We went to see a pediatrician who specializes in evaluating behavioural issues. He was a referral from our family doctor, who I spoke to about DS’s agression. At first I was apprehensive; sitting in his waiting room I saw formula swag everywhere, even the darned paper on the examining table was from Enfamil. Blech! But turns out the guy spent an unprecedented 45 min with us. When the kids started going loopy in the tiny examination room he sent them out to his assistant who kept them happily occupied while doc and I had a chat.
The results are in: DS does not have any disorders or diagnosable conditions. He is, according to the ped, simply a normal child who has a few “environmental factors” working against him: his immense size, the fact that communication is not his forte, and a very bright and verbal older sister! He said that over the next year DS will develop enough empathy (he’s already showing a few signs of starting) and impulse control to manage the situations better. The doc emphasized that right now these situations are *teaching moments* and that we can either “make or break” him based on how we handle them. The approach he suggested is exactly what we do, removing DS from the immediate conflict situation and then talking with him about what has happened. He emphasized that punishment and scolding would be detrimental (preaching to the choir here). While our talks won’t stop DS from doing it again (as he lacks the ability to control himself that way), with repetition it will get in his head. And when he *does* gain the ability to stop and reflect on his actions prior to committing them, the lessons will come to fruition. I was very relieved when he said that the book he recommends to all parents (I cringed waiting for it…) was Emotional Intelligence by Daniel Goleman, which I read and loved (I own his other book, Social Intelligence).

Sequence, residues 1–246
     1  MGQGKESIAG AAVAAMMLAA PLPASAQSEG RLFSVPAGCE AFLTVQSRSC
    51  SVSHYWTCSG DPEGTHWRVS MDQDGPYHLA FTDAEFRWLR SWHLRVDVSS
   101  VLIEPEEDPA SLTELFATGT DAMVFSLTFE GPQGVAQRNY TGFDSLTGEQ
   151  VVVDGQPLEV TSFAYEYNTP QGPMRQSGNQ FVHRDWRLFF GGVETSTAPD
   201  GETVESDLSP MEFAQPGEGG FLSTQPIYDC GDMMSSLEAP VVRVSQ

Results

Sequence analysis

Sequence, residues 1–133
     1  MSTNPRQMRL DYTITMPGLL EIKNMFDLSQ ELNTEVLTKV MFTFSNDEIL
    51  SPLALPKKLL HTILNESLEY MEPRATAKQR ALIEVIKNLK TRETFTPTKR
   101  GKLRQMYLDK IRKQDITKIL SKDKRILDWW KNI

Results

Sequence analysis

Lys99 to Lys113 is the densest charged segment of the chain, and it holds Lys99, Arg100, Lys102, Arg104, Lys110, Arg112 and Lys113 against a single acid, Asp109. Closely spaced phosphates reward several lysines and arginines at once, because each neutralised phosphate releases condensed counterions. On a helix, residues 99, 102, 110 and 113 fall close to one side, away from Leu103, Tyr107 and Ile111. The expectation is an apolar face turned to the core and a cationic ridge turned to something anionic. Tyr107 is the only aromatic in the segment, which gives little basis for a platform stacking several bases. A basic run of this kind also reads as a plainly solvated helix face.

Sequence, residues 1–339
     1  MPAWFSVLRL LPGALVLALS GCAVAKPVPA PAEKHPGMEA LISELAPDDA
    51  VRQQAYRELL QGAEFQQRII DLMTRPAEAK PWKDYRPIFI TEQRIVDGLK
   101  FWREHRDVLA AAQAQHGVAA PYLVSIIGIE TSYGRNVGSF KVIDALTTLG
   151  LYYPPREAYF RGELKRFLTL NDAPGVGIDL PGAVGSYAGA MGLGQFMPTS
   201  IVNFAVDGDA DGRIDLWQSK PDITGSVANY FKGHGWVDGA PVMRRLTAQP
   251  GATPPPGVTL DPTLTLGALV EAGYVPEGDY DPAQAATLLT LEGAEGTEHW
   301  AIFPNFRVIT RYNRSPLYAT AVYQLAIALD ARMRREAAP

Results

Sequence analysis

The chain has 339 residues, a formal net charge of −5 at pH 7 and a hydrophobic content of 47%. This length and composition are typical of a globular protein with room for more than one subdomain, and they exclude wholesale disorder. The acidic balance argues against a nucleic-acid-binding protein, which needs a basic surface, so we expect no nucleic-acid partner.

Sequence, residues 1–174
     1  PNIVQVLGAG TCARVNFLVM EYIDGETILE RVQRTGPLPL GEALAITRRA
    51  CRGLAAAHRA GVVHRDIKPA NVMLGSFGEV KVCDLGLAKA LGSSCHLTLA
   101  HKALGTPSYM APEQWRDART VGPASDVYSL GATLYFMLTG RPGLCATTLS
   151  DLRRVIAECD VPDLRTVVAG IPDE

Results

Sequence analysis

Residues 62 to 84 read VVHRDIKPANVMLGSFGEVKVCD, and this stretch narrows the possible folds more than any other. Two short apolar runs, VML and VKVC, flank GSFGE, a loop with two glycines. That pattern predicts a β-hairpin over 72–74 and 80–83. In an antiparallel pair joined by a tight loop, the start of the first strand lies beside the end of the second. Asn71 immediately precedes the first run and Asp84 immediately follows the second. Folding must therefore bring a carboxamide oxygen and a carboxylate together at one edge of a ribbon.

It was very reassuring to hear that there was nothing inherently wrong with DS. DH and I have already talked about getting him some more one-on-one time, and the ped suggested that some part-time preschool with a class of older kids would be beneficial as well. Right now I understandably avoid putting DS in situations where he might hurt another child, but then this removes the opportunity to help guide him through them. In a preschool setting he’d be confronted with such situations regularly and with caregivers who, knowing the issue, can help with the guiding process.
I’ve already had some success doing this on my own. The other day we visited a local playground and met up with many kids coming home from preschool. I stuck close by DS and instead of just steering him away from kids, I let them come close while I lightly embraced DS. When he went to hit or push I gave him words to use instead, which he did. He almost seemed happy to have an alternative, though perhaps I’m projecting that. It was my very dear friend, whose 18 year old son has Asperger Syndrome, who demonstrated the technique for me while we were visiting her last week and DS was getting rough with her little dog (she said the technique grew out of her work with her son, but did not in the least bit suggest DS is autistic; she has long said DS doesn’t fit the profile). It gave me a great deal of confidence to be able to handle the situation at the playground, but of course it is entirely dependent on where we are and how well I’m able to stay close to him while still keeping DD within a safe distance.
I’ve inquired at two local PPP’s but not confident that we’ll find a space this late into the start of the year. If not, that’s okay. I’m happy to continue as we are, but I think DS would enjoy a bit of time in a play-based, enriched environment. And the time alone with DD would be very useful for working on homeschooling projects that DS would interfere with.
Mostly I’m just relieved and feeling more confident that my son is O.K. and will grow out of this, with the continued support of gentle and respectful parenting.